Illustration: L’Opinion Publique Vol. 4, No 11, Bibliotheque et Archives Nationales du Quebec
O Canada’s unlikely origins
We all know the feeling. An unexpected constriction in the throat. Heat rising to the face. Tears welling in the corner of our eyes.
We’re responding to “O Canada.”
Maybe we’re watching the Olympics, seeing our flag ascend to the rafters above a pool or velodrome. Maybe we’re in a high school auditorium before a holiday concert, listening to a student band. Or celebrating with people from all over the world as they navigate the anthem minutes after receiving their Canadian citizenship.
“O Canada” touches us when our sense of pride and place and identity connect, and it creates in us a patriotic reaction that can burst out unexpectedly, for no reason—or many.
We are not entirely sure what to make of our patriotism in a modern, ultra-connected, digitally expanded world. And it frightens us when we encounter it too baldly. We know from experience that the nationalism that follows patriotic pride can wrench some of the most destructive elements out of the human heart. Nationalism and civility, nationalism and peace, nationalism and reason, are frequently bitter enemies.
Yet there it is—that pride, love and joy in community that the anthem brings us.
“O Canada” has long been the song of our nation, working its steady way into the hearts and lungs of the population, although it did not become our official national anthem until 1980.
That’s not as unusual as you might think. “The Star-Spangled Banner” didn’t get official status until 1931. “God Save the Queen” has never been proclaimed Great Britain’s national anthem. Because of their combination of emotion, politics, history and symbolism, anthems have long been subjects of controversy. And ours is no exception. Nearly a century and a half after “O Canada” first appeared in 1880, we’re still arguing about its appropriate English lyrics.
Where did it come from, this piece of music that affects us so? And who is the person who put our country’s essence into song?
Meet the most important Canadian you’ve probably never heard of: Calixa Lavallée. Swashbuckling and irreverent, he was a composer, performer, entrepreneur and educator. He left home in 1855 at 12 years old, worked as a blackface minstrel throughout the United States, fought in the American Civil War, produced operas, became a leading figure in American music, studied in Paris, tried and failed to create a Quebec national conservatory, and died in exile in the U.S.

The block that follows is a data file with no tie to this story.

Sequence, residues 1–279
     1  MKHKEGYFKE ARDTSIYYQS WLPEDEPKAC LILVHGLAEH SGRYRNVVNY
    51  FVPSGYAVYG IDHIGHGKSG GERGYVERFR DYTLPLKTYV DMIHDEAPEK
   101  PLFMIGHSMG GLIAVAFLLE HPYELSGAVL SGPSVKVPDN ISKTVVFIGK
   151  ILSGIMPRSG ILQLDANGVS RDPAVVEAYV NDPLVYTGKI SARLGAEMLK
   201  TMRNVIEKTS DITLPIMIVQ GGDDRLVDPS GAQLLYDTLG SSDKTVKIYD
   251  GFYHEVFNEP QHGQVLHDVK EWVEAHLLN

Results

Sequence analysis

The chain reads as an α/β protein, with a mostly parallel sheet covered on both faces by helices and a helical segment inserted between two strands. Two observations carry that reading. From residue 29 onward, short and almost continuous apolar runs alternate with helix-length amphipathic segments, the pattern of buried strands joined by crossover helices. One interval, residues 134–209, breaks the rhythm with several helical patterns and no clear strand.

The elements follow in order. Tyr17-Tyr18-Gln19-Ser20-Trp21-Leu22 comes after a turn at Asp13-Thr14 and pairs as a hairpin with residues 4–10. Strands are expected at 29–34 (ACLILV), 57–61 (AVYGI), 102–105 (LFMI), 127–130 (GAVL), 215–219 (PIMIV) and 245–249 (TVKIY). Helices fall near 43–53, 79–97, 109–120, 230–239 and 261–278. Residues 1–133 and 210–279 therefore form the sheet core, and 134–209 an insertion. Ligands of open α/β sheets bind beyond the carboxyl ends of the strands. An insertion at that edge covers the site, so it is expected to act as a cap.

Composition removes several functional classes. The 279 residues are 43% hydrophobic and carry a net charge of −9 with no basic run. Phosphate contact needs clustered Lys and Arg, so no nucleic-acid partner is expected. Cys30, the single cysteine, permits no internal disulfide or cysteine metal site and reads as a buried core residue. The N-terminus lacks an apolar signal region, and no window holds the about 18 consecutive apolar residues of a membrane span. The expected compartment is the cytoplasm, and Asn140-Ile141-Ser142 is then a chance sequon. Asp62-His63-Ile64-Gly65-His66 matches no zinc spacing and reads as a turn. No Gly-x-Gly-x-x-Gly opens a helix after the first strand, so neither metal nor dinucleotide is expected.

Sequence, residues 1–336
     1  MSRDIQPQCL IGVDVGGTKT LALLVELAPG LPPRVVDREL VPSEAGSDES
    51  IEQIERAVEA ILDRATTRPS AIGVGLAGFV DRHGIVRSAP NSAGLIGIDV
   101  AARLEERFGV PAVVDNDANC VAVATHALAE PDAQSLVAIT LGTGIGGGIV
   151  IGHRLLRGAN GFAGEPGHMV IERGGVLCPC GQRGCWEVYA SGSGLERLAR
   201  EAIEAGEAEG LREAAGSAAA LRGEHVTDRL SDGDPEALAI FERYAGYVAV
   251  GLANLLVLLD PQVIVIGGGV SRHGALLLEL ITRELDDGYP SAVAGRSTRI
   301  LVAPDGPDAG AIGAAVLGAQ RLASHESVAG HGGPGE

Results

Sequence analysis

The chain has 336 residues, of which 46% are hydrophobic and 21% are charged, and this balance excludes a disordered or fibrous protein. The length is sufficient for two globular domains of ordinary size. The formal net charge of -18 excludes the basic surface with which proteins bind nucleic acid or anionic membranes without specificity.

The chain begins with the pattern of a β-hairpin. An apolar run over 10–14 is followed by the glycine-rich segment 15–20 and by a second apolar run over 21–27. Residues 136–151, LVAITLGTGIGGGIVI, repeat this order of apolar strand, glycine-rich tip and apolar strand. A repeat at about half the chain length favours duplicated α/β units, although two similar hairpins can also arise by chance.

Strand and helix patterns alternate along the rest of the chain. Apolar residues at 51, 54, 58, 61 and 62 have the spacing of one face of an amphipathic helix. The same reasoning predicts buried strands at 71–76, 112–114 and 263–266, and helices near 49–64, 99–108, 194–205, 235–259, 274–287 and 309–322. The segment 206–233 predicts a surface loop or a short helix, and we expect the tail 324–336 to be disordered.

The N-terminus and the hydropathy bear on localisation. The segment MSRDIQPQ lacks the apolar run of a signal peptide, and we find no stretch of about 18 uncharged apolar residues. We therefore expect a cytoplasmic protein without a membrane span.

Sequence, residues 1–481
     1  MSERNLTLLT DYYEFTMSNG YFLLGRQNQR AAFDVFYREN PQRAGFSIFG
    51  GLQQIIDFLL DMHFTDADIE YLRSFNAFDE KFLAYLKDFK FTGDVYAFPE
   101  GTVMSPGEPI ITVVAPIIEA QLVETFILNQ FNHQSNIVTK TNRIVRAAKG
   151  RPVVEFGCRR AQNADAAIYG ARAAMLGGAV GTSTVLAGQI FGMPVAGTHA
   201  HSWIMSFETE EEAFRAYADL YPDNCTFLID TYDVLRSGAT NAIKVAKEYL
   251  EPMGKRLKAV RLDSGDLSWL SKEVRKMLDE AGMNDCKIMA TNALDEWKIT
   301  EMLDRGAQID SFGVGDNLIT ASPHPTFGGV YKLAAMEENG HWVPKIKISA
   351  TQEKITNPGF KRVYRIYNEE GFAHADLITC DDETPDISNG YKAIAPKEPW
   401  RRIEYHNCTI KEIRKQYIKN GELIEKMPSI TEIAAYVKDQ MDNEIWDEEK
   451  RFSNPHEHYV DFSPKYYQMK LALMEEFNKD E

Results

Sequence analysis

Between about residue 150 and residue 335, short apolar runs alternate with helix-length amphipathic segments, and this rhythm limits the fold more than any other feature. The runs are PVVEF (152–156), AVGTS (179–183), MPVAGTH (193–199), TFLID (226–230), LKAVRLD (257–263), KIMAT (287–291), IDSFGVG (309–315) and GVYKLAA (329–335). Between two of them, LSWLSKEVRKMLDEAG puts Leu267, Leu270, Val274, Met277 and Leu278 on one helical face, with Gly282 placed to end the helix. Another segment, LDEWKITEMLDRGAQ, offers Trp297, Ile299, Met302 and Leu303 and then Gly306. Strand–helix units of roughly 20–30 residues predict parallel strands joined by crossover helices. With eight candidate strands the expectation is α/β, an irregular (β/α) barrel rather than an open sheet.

And he wrote our national anthem.
The story behind the composition of “O Canada” is a mystery to us because it represents a wound we constantly try to mend or hide: we were founded by French and English cultures in this country, to say nothing of the Indigenous peoples who were colonized. The reason no one can be certain of the English words to “O Canada” is that there are no English words, or at least there weren’t any when the song first appeared. “O Canada” wasn’t written in English for English Canadians—it was written in French for French Canadians.
The song premiered on Saint-Jean-Baptiste Day, Quebec’s national holiday, because it was commissioned by the Saint-Jean-Baptiste Society to be a chant national—a national anthem, exclusively for French Canada. All the English versions are either translations of the original or new words fitted to an existing melody. The story of Calixa Lavallée and of his anthem is a tale almost exclusively of French Canada.
To understand the anthem is to return to the Canada of the last half of the 19th century, a nation in utero, bringing together old hatreds and novel political possibilities as culture faced culture, religion faced religion, economy faced economy. It was a time when forces of change on the North American continent were banging into each other. A waning British colonialism; an America weakened by its Civil War; a Canada both fearful and excited for its future; a Quebec torn by its past, its future and its present—this was the backdrop to the life of Calixa Lavallée.
When you add to that an artist of superior talent with a personality addicted to adventure, a mind clear and concise, and a temperament both calculating and wild, you have a first-rate tale—the story of a man who sat down at his piano in Quebec City in the spring of 1880 and stood up soon thereafter with a nation’s soul on a piece of paper in his hand.
Now that you know the origins of O Canada, learn about the story behind In Flanders Fields.
Excerpted from Song of a Nation, by Robert Harris. Copyright © 2018, by Robert Harris. Published by McLelland & Stewart, a division of Penguin Random House Canada Limited. Reproduced by arrangement with the Publisher. All rights reserved.